The Sturtian glaciation was so intense that the oceans again became anoxic, sealed under their ice cover, even though the atmosphere was rich in oxygen. This enabled iron sulfide to once again exist in their waters as it had back in the Archean. Periodically, the ice would crack and melt in places, allowing oxygen to enter and disrupt this echo of the Archean age. When this happened, the oceans again would rust and iron oxide would drop to the seabed, and as in the Archean, banded iron formations would form. The most recent banded iron formations known are from these dark and frigid ice-wrapped sulphidic seas.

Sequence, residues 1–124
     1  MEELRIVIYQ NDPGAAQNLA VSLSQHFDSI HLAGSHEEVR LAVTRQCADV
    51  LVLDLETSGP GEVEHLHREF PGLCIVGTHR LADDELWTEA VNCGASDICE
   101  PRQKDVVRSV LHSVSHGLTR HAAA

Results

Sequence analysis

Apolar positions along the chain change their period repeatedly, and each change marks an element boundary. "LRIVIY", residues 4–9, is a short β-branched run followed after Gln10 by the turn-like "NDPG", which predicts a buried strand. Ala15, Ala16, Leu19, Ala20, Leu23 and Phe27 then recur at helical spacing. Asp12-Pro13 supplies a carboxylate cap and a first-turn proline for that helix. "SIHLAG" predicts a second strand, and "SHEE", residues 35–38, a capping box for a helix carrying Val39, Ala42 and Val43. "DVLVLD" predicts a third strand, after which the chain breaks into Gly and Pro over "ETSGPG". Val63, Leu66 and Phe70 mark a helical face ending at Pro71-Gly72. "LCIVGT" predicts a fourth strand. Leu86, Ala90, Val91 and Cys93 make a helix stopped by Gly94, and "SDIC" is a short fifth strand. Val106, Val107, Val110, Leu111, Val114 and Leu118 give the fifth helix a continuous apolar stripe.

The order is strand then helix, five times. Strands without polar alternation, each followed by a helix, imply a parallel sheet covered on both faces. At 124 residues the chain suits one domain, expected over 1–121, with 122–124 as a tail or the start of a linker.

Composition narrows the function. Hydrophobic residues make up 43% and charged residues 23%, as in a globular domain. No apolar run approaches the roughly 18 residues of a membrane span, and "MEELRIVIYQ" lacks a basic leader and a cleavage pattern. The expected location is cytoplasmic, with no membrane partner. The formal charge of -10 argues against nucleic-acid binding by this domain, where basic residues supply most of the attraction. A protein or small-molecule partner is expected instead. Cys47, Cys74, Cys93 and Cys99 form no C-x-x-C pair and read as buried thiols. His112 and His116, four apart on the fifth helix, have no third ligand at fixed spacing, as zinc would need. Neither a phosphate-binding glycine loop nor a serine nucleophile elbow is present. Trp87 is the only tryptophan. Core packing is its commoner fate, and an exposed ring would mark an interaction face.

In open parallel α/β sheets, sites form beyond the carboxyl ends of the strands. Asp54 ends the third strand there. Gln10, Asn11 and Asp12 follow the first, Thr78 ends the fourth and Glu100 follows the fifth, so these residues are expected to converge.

The initial warming from the Sturtian glaciation was sudden and intense: enabled by slow volcanic CO2 rise, and triggered by a runaway melt process as exposed dark waters and land surface absorbed the sun's heat. The warming was so intense that the melting ice contributed unprecedented moisture to the atmosphere, and the warm humid atmosphere caused torrential global rainfall. This rain ran down over the suddenly ice-free continents, and the atmospheric CO2 dissolved in water reacted with the exposed rock to form carbonates, which were deposited in rock layers up to 30 meters thick. These cap carbonate deposits reflect an intensity of rainfall beyond human experience. It would have been as though the rainfall levels seen now in Seattle extended over the entire Earth, and persisted for thousands of years.